Whether in running or in life, I find there are two greatest challenges. One is sticking to the training plan and the other is coming back after a setback. We go along on our path building speed and endurance on the roads and in our lives and then something happens. A layoff, a loss, an illness or for me managing the late effects of paralytic polio and trauma, that causes us to pause, to regroup, to reevaluate and to figure out how to move forward again.
In 2011, after my 26 year old nephew's suicide, I was not sure how I was going to move forward. I took a detour from my healing path. I stopped running and I withdrew from the running community. I found myself among people who would draw me back into the dance of family dynamics and who fueled my struggles as a polio and trauma survivor. Every situation serves a purpose and I am so grateful for the soul lessons I learned while I was on my detour.
After 4/15/13, I had an awakening and realized what was important in my life. The #onerun on 5/25/13 brought me back into the present and in realizing how important running and the running community is in my life.
From my memoir, "Coming Home:A Memoir of Healing, Hope and Possibility":
“Oh look they are doing a #onerun tomorrow,” Tom said.
“I am terrified to be a part of that,” I answered.
“Then we have to register,” Tom said.
Tonight I realize there is another layer to all of this healing: the Boston Marathon bombings. It still causes the hair on the back of my neck to write those words. Tomorrow morning, Tom and I are going to walk the last mile of the Boston Marathon and to walk the part of Boylston Street that I’ve been afraid to return to....
The moving pre-race ceremony began including 30 seconds of silence for those who lost their lives in the bombings. There was music and inspirational speeches and not a dry eye in the crowd as the church choir from where 8-year-old Martin Richard who was killed in the blast, made his first communion, sang the National Anthem. Tom and I had our arms around each other. Everyone was in a spiritual embrace.
And then we were off crossing the one mile to go marker in Kenmore Square where four years ago, Tom, our daughter Ruth Anne and I ran toward the finish line. I ran the 2009 Boston Marathon for those who couldn't and for those who were told they shouldn't run or would never be able to run again. Back then I was delivering a message of healing, hope and possibility. Today I was one with the survivors knowing they have a long road ahead for them but knowing that they, like me, would be able to go the distance.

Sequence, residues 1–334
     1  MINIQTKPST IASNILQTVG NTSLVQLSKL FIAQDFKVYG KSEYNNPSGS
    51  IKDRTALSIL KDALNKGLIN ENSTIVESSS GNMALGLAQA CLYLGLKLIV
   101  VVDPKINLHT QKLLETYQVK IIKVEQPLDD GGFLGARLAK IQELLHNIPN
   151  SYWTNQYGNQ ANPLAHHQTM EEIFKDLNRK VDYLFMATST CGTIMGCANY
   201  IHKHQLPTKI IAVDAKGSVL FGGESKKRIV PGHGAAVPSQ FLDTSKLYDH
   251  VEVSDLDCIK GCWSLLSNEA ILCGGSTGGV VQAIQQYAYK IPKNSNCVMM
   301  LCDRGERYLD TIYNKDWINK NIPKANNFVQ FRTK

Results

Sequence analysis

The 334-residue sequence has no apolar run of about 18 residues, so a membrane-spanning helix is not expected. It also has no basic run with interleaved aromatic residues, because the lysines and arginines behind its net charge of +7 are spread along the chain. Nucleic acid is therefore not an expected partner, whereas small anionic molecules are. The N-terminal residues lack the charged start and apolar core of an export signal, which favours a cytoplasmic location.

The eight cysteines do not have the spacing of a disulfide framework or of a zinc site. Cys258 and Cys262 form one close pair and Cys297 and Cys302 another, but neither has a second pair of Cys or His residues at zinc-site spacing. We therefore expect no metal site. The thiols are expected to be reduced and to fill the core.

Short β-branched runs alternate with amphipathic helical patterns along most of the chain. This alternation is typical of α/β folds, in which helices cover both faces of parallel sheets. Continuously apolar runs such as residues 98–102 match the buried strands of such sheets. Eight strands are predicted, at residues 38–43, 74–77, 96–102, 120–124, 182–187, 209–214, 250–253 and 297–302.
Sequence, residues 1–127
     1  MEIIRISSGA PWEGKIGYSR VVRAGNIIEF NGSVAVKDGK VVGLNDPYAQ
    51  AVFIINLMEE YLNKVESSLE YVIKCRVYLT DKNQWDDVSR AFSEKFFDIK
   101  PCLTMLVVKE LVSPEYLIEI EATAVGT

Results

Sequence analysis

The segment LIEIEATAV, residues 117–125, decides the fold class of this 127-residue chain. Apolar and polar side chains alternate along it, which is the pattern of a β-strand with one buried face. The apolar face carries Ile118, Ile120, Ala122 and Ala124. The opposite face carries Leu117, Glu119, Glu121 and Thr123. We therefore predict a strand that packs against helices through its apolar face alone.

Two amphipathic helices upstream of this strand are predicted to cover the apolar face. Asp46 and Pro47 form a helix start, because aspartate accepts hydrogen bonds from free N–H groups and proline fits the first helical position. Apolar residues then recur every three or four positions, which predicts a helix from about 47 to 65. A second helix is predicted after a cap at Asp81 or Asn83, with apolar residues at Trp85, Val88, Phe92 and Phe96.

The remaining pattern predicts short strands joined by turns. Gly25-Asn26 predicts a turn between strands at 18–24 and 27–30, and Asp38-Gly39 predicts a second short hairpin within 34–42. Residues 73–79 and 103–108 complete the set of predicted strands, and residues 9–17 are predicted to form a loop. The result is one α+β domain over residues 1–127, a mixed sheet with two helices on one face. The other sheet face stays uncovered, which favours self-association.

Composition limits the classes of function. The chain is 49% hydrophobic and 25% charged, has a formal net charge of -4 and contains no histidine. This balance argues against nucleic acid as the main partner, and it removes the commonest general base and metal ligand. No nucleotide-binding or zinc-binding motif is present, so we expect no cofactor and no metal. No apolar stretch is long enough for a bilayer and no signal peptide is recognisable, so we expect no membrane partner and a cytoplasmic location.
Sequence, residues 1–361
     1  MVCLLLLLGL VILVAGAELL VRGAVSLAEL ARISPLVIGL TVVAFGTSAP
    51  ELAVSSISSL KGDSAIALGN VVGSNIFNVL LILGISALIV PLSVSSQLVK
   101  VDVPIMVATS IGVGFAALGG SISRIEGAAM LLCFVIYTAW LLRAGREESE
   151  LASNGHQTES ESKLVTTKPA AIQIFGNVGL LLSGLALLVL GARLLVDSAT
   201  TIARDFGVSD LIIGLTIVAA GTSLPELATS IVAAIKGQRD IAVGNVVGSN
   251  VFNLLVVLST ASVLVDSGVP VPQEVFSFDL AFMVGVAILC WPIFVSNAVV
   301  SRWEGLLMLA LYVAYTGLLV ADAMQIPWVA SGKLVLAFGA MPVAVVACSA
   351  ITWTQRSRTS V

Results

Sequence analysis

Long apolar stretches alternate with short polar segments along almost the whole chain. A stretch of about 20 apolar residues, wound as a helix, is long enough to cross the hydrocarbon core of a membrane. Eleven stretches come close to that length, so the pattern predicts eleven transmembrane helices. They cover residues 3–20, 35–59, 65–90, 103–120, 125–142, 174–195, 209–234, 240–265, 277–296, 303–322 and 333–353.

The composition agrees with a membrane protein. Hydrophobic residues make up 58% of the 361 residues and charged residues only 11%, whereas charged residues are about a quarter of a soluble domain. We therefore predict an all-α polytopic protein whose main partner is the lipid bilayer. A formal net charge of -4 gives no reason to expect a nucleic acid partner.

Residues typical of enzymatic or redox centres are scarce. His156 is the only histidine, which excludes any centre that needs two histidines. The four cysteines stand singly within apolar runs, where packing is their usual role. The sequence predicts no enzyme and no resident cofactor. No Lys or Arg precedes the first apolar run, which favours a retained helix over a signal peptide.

We got to Hereford Street and I took a deep breath, as I knew we were going back to the Mandarin Oriental Hotel and passing The Forum where the second bomb exploded. As we passed in front of the Mandarin, we stopped for a brief moment to give our thanks to the staff who ensured our safety. The two doormen who had been there on Marathon Monday while we watched the race before going upstairs to join the Spaulding Rehab party were there. How healing and wonderful to see them, express our gratitude and be back on a part of Boylston Street I was afraid to visit.
I told Tom I was ready to sprint to the finish line. I said a prayer as we ran by The Forum. I sobbed as the crowds were cheering and we were surrounded by runners with their bib numbers from Marathon Monday and thousands of people who had been touched by the tragic events of April 15. At the finish line we shared stories with one another. We hugged. We cried. We healed...
Despite the cold and the rain, the love and energy of the community kept us warm. The event organizers did an amazing job at honoring the victims of the bombing and the survivors – “You are out there to run for those who can’t.”
That’s why I ran the marathon in ’09 – and here I was running the last mile with a deep connection to the survivors of the bombing knowing in every fiber of my being what it’s like to work to regain mobility and to recover from trauma where you face death. There were so many emotions as we listened to the pre-race ceremony speakers and then as we reclaimed Boylston Street as our own.